Monday, 27 June 2016

Germany Calling!

Greetings dear chess friends (that’s how we speak over here!), from the 4th World Seniors Team Championships in Radebeul, near Dresden. I have the enormous honour of playing for England 2 in the Over 50 section of this 9 round swiss tournament. (BTW, this honour is available to anyone prepared to fork out for all the costs!) I couldn’t quite make it into the England 1 team of Nunn, Speelman, Hebden, Arkell and Flear!

The trip has already been rather eventful so far, in both positive and negative ways. First the trip over was rather fraught. Facing an already tight connection in Amsterdam, I was not pleased that we took off 15 minutes late, and then took another 15 minutes to get to the terminal in Schipol after landing virtually in another country and taxiing for miles. I then had to make a mad dash from one end of the terminal to another, and made the onward flight to Dresden by the skin of my teeth. Regrettably, my suitcase didn’t, leaving me with the clothes I stood up in, plus a laptop and a mobile phone – but with no way of recharging them. Thankfully the case arrived about 30 hours after I did, and I am now fully functioning again – except that the internet connection in the hotel is dodgy, and so are the sockets in my room, with only 1 seeming to provide any reliable access to electricity! Could this place actually still be in the DDR?

General view of the playing hall. Slightly busier than club night at the Engine.

But enough of my meanderings, what about the chess, I hear you scream?! OK, yesterday we kicked off just after 15.00, with a first round match against Danish club SK 1968 (from Aarhus), and with me playing white on Board 3. My opponent was rated 1926, but I couldn’t help noticing he’d been over 2100 a few years back. Incredibly, the game followed a line I had played only a couple of weeks back until about move 15. The game was very complex, and although I had a small edge from the opening, the balance seemed to be swinging between the players as we traded inaccuracies. Then came the crunch. With 2 minutes on my clock, and in a slightly better position, I needlessly sacked an exchange to get a bishop lodged on f6 in front of his king. I thought it was mate, but with best play it should have just led to a lost position for me. Luckily, my opponent missed the right defence and instead walked into an enormous cheapo based on a weak back rank and a queen sacrifice by me. I won a rook and he resigned a piece and position down. The team chalked up a 4-0 win and everything was hunky dory.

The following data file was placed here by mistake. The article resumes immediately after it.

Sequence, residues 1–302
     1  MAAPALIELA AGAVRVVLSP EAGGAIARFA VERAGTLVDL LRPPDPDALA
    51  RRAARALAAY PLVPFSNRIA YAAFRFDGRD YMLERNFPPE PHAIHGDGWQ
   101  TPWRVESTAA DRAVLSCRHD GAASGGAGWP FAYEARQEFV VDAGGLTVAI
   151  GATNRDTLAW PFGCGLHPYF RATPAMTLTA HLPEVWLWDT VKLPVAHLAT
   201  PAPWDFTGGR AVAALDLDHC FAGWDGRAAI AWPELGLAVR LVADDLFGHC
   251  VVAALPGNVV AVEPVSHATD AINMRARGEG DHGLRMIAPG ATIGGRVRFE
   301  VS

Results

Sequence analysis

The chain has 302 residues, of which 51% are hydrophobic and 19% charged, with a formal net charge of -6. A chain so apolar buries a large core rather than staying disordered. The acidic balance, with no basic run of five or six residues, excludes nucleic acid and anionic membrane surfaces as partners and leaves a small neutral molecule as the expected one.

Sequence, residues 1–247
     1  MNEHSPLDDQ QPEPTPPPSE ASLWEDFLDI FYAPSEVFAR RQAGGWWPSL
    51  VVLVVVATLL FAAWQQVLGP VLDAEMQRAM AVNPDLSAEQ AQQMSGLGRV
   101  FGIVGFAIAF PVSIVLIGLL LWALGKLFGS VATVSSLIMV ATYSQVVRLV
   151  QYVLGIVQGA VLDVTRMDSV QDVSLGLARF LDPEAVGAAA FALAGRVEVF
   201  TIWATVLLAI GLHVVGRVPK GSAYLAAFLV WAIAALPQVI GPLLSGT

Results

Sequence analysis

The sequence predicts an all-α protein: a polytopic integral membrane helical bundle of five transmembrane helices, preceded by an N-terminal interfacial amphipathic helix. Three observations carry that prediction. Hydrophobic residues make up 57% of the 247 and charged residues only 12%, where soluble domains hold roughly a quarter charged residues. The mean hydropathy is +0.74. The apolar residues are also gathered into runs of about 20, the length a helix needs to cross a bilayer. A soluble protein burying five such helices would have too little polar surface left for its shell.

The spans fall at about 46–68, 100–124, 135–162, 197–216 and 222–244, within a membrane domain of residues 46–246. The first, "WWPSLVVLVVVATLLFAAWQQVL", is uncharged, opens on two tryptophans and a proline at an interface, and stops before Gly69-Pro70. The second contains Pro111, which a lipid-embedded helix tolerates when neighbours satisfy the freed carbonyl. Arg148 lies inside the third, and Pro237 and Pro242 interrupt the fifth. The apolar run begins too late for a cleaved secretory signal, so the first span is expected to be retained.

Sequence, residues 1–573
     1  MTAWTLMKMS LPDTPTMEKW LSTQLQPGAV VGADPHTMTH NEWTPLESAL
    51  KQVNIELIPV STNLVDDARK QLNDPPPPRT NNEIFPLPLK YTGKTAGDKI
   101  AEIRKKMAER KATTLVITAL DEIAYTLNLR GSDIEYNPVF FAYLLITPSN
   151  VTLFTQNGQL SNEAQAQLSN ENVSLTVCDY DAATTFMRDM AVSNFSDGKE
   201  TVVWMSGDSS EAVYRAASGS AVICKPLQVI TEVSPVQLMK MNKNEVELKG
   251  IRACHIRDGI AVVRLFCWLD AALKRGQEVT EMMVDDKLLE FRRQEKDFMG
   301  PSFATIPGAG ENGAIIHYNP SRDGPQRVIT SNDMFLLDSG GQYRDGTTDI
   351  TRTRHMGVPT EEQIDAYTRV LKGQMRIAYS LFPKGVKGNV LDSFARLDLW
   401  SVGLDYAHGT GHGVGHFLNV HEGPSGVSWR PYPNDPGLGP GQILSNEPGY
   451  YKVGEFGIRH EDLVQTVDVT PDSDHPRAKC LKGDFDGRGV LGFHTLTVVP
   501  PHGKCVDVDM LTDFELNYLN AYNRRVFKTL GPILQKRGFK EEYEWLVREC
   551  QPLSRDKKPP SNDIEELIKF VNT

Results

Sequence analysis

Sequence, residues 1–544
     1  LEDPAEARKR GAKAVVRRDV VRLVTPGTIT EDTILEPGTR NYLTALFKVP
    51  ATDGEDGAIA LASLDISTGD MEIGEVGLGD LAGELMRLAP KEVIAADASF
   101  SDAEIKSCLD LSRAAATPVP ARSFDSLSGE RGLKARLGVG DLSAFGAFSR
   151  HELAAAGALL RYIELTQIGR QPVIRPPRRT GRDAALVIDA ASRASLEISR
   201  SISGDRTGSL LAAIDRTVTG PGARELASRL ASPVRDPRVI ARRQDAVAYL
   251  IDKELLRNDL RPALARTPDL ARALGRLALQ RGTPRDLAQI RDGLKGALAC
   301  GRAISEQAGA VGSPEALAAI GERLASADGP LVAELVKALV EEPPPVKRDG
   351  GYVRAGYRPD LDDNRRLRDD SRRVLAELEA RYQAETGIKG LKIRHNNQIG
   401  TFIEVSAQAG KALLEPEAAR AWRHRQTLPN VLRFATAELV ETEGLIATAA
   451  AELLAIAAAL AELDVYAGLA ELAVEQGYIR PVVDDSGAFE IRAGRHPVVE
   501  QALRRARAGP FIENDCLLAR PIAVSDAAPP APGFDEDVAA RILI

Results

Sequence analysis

Today we had a local derby match against Scotland. It looked like being another 4-0 sweep at one stage. It was my turn to have a rest today (two games in a row would be so tiring, darling!) and by the time I arrived at the board after a leisurely breakfast (all rounds from now start at the unholy hour of 9.30) we were already 1-0 up, as our star board 1, GM Jim Plaskett had won with Black in about 30 minutes. I then went off for a long walk around this very pleasant town (probably about the size of Kenilworth, but with a rather better river and three railway stations!) and arrived back just in time to see us go 2-0 up. We were a pawn up in one of the remaining games, and a piece for 2 pawns up in the other. But regrettably, things then went wrong. On board 4 our man walked into a knight fork, and on board 2 the Scottish player managed to swap off all the white pawns and advance his one remaining pawn far enough down the board to get a draw, with R and pawn against R + B. So just a 2.5-1.5 win, but honour upheld against our northern neighbours.

The local derby - Scotland v England 2. Jim Plaskett conspicuously absent having already won in about 30 minutes!
I should be back in action tomorrow, when we play a strong Canadian team, who are seeded 7th (we’re 13th, but that’s almost entirely due to having Jim Plaskett in our team!). Internet and electricity issues permitting, I’ll be back with more news in the next couple of days – especially if they involve me getting any more points!

In the meantime, here’s a little poser for you, which I’ll answer in my next post. Who is this aged but very famous GM, who has one of the sharpest variations of the Sicilian named after him? Come on, I’ve nearly given it away, so I’ll expect a 100% success rate on this one.

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